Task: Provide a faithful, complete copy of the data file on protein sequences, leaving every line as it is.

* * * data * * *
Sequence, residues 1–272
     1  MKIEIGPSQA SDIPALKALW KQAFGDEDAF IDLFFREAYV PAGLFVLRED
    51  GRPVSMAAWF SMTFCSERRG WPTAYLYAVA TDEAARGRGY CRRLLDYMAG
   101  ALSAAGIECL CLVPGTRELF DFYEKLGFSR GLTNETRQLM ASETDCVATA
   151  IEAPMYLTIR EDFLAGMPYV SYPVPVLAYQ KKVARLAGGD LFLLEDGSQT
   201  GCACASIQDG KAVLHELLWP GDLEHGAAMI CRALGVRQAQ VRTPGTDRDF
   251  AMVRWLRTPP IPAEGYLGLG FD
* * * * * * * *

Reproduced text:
Sequence, residues 1–272
     1  MKIEIGPSQA SDIPALKALW KQAFGDEDAF IDLFFREAYV PAGLFVLRED
    51  GRPVSMAAWF SMTFCSERRG WPTAYLYAVA TDEAARGRGY CRRLLDYMAG
   101  ALSAAGIECL CLVPGTRELF DFYEKLGFSR GLTNETRQLM ASETDCVATA
   151  IEAPMYLTIR EDFLAGMPYV SYPVPVLAYQ KKVARLAGGD LFLLEDGSQT
   201  GCACASIQDG KAVLHELLWP GDLEHGAAMI CRALGVRQAQ VRTPGTDRDF
   251  AMVRWLRTPP IPAEGYLGLG FD